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Paralympic experience pivotal for Dave HensonJuly 15, 2017
Medal-winning performance at the Rio Games helped the former army captain to redefine himself
Last summer’s Paralympic Games in Rio was a pivotal period for Dave Henson as he went from being an “injured soldier” to a Paralympic medallist.
Now the 32-year-old is eager to discover what he can achieve at the World Para Athletics Championships in London.
Five years ago Henson watched the London 2012 Games in the UK capital as a spectator and now that it is his turn to take to the track, he’s got another global medal in mind.
“I went into Rio really still defining myself as an injured soldier,” explains the former army captain, who lost both of his legs when he stood on an Improvised Explosive Device (IED) in Afghanistan in 2011. “But I went to Rio and I managed to achieve what I set out to achieve. I came back from there and suddenly I wasn’t an injured soldier anymore, both in my mind and how people viewed me – I was a bronze medallist, a Paralympian.”
Reflecting on his T42 200m medal-winning success, he adds: “It allowed me to be proud of who I am as a person and what I have achieved and what I can still achieve despite the fact that this life-changing event happened.
“In the way that I carry myself and the way that I view myself in the mirror – there’s pride there which perhaps might not have been there before,” he continues. “I’m proud of what I’ve done, I’m proud of what I’ve achieved and that includes all of my army service and the struggles and trials and tribulations it has taken to get here, but I’m proud again and that doesn’t come easily.”
The Invictus Games gold medallist has improved his 200m PB by almost half a second this year, clocking 24.25 in Newham earlier this month to put himself second in this summer’s rankings behind team-mate Richard Whitehead.
“It was a really good way to go into the holding camp,” Henson says of his PB. “It really demonstrated how much progression I’ve made in a year again.
“It was a bit of a slow start in terms of times but it has all been part of a plan and we’ve got there so I feel really good.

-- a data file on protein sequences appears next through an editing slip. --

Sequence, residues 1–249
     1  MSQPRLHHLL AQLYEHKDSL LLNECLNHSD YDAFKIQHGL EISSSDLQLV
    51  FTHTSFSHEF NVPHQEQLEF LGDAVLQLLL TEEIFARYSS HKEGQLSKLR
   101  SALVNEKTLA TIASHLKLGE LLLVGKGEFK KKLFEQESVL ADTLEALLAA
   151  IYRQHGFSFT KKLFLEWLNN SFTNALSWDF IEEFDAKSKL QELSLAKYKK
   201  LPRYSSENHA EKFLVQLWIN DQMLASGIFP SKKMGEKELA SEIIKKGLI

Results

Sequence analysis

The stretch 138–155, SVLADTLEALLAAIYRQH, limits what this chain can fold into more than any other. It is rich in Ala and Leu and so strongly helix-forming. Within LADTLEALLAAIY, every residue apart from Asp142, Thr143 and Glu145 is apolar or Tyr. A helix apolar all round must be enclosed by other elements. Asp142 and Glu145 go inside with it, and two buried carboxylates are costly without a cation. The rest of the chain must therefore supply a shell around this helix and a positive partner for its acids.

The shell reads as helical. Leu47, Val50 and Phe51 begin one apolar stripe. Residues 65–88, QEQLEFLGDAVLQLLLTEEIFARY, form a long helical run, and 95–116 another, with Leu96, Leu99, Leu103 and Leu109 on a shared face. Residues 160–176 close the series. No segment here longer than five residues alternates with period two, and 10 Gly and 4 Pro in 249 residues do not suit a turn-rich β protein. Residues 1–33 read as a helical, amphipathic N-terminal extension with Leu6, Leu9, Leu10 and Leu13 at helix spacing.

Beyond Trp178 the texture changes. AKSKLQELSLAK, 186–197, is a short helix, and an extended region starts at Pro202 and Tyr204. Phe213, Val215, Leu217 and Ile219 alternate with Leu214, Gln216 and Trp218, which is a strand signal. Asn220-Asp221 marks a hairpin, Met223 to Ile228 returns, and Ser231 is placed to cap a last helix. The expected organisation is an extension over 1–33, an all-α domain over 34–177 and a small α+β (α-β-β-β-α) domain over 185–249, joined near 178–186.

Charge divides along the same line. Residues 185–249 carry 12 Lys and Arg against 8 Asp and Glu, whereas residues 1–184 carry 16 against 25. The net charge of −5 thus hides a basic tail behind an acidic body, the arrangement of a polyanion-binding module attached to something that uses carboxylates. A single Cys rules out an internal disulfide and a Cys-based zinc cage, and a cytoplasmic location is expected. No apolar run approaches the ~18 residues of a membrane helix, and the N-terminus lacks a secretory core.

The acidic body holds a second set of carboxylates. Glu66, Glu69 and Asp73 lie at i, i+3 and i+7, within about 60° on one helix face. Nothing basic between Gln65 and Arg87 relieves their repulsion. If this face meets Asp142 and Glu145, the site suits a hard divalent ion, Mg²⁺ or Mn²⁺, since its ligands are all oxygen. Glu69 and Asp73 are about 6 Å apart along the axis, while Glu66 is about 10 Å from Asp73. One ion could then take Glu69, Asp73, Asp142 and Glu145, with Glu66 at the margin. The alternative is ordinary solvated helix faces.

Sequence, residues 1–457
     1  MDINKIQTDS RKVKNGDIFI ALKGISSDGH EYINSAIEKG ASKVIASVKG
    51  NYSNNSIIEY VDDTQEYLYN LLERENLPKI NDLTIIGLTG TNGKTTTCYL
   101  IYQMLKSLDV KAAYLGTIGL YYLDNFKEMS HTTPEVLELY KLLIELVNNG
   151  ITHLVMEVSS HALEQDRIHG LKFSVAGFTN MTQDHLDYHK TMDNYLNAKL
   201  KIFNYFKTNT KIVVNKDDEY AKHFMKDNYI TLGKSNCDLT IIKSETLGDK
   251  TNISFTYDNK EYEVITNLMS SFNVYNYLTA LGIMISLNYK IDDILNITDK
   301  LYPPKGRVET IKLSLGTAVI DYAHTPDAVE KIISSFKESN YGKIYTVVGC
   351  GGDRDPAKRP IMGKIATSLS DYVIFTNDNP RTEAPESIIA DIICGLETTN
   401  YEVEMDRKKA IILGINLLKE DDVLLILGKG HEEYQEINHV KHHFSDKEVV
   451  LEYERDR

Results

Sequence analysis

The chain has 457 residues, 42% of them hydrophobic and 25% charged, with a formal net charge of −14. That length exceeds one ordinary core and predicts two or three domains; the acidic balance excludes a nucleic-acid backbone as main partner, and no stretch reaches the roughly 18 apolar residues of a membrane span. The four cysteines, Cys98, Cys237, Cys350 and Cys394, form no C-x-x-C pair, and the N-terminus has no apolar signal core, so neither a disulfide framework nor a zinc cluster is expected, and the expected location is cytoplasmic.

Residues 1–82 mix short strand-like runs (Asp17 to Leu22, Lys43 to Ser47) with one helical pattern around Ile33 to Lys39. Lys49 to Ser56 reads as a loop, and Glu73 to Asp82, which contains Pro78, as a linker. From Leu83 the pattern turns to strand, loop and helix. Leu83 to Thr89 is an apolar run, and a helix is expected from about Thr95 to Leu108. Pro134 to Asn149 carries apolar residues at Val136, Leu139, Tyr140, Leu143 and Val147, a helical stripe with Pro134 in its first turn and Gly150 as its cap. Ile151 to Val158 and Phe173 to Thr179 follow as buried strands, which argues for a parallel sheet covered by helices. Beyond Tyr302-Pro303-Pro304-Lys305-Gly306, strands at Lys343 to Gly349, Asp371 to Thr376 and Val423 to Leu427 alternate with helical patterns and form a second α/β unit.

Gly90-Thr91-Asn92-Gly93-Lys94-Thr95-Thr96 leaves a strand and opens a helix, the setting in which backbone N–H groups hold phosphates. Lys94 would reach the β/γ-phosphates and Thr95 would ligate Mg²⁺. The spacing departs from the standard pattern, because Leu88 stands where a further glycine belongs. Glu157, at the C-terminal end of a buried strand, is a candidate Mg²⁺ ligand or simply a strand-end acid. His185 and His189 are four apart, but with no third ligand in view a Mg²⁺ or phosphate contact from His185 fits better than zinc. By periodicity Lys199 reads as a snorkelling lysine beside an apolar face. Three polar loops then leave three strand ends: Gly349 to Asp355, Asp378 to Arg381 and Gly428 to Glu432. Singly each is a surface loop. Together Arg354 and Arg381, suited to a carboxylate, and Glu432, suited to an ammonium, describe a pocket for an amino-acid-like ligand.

“From a hardware point of view I’d like to take home one world championship medal,” he adds on his London 2017 hopes. “That is more likely to come in the 200m.
“From a 100m perspective, for the world championships in Doha I didn’t qualify, a year later in Rio I qualified but didn’t make the final. So for the 100m this year I’d love to make the final. Going off the world rankings that’s a hard challenge for me to push from 12th to eighth but I’m a firm believer that anything can happen on the day.”
“suddenly I wasn’t an injured soldier anymore, both in my mind and how people viewed me – I was a bronze medallist, a Paralympian”
Although he has been making promising progress on the track this summer, athletics has not been Henson’s sole focus.
Having started a PhD in amputee biomechanics in April 2015, he switched his attention to that after Rio and has been continuing to balance sport and his studies.
“I came back and pushed on with my PhD,” Henson explains. “I didn’t do any warm weather training this year but that doesn’t mean the training stopped, I just had to change the way that I trained.
“Doing that and full-time athletics is one of the hardest things I’ve ever done,” adds the European silver medallist, who hopes to have his PhD completed ahead of Tokyo 2020.
“My previous degrees were mechanical engineering as an undergraduate and then medical engineering as a post graduate masters. The PhD is looking at above knee amputee function and why things like going up stairs, riding a bike and going uphill are all incredibly difficult and how I, as an engineer, can use a knowledge of the body to design better surgeries, better prosthetics or better rehab processes.
“Mentally it’s the hardest thing I’ve done, but it’s incredibly interesting at the same time.”